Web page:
Weekly Standard

    Breitbart News

    Donations by employees to political parties… (c.2010)

    Are forbidden at: Are allowed at: No formal policy:

    ABC Fox News Washington Post

    CBS Forbes Magazine Boston Globe

    CNN Time Washington Times

    NPR New Yorker USA Today

    Newsweek Reuter

    New York Times Bloomberg News

    NBC & MSNBC Reuters

    Atlantic US News and World Report

    Dow Jones

  • Donations from certain companies

    (some information needs to be further completed)

  • Results of a survey of Reuters reporting (2003)

    Named subject

    1. In violent acts against Israelis, the Palestinians agent is named in 33% of the headlines 2. In violent acts by the Palestinians, the Israeli agent is names in 100% of the headlines. 3. Moreover, Israel is always emphasized by appearing as the first word in the headline

    Named object

    1. In violent acts against Israeli, causalities are labeled “Israeli” in 11% of the headlines 2. In violent acts against Palestinians, casualties are labeled “Palestinian” or “Hamas” in 50% of the headlines.

    If “Militant” is considered as a Palestinian-specific team, the figure raises to 71% of the headlines

    Verb Selection

    1. Violent acts by Palestinians are described with “active voice” verbs in 33% of the headlines. 2. Violent acts by Israelis are described with “active voice” verbs in 100% of the headlines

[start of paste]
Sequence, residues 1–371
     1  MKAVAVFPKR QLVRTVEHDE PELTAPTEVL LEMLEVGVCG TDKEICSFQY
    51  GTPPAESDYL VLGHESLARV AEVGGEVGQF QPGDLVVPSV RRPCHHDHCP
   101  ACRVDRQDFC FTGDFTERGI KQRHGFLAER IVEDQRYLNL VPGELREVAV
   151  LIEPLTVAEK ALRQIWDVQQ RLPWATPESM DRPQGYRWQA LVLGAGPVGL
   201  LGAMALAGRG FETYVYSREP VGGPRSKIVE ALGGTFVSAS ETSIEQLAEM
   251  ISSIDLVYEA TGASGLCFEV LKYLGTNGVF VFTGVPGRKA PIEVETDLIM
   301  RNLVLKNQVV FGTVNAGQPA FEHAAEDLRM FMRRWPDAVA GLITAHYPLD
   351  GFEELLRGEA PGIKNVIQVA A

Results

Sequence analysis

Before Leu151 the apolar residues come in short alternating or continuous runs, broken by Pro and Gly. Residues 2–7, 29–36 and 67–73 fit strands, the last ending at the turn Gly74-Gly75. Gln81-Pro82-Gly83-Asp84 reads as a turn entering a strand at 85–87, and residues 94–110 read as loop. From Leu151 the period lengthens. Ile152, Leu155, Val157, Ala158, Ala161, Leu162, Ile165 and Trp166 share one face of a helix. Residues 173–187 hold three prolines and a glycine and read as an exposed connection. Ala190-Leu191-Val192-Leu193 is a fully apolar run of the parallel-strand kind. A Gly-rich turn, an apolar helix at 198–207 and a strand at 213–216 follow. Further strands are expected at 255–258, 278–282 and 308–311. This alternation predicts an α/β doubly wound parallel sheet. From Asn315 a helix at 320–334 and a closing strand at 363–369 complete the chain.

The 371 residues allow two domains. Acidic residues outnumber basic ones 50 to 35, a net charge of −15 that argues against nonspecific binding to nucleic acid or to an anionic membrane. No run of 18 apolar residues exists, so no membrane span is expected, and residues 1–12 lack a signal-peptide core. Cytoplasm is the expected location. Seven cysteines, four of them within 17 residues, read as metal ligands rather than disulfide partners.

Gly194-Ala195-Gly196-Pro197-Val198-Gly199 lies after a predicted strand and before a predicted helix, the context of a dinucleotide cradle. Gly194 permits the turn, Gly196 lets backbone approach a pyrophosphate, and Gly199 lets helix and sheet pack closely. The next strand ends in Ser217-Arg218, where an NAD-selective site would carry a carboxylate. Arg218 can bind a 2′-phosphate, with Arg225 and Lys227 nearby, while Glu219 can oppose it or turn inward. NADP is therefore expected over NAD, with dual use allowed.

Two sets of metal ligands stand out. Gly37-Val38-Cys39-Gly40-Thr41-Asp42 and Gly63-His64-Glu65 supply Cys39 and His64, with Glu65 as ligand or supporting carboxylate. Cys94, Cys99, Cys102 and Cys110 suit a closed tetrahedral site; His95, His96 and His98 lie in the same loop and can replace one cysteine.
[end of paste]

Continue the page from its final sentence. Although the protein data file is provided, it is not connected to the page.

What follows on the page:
“Israeli Troops Shoot Dead Palestinian in West Bank”

    “Israeli Tank Kills 3 Militants in Gaza – Witnesses”

    “New West Bank Shooting Mars Truce”

    “Bus Blows Up in Central Jerusalem”

    To describe diplomatic events, Reuters consistently grants Palestinian statements neutral or pleading language, while

    Israeli positions are described in uncompromising, aggressive terms.

    “Palestinian Islamic Militants Declare Truce”

    “Israel Pours Scorn on Cease-Fire with Militants”

    “Palestinians Urge Israel to Free Prisoners”

    “Israel Sets Tough Terms for Prisoner Release”

    Possible Headlines (which is real?)

    A. “Israeli police shoot man in east Jerusalem”

    B. “Car slams into east Jerusalem train station”

    C. “Palestinian kills baby at Jerusalem station”

    Israeli named as perpetrator; Palestinian

    named as victim; Described in active voice.

    Palestinian not named as perpetrator; Israeli

    not named as victim; Shooting described in

    passive voice

    A Real Press Report:

    JERUSALEM (AP) – A Palestinian motorist with a

    history of anti-Israeli violence slammed his car into a

    crowded train station in Jerusalem on Wednesday,

    killing a three-month old baby girl and wounding eight

    people in what police called a terror attack.

    The incident came after months of tensions between

    Jews and Palestinians in east Jerusalem – the section of

    the city claimed by the Palestinians as their future

    capital. The area has experienced unrest and near-

    daily attacks on the city’s light rail by Palestinian

    youths since a w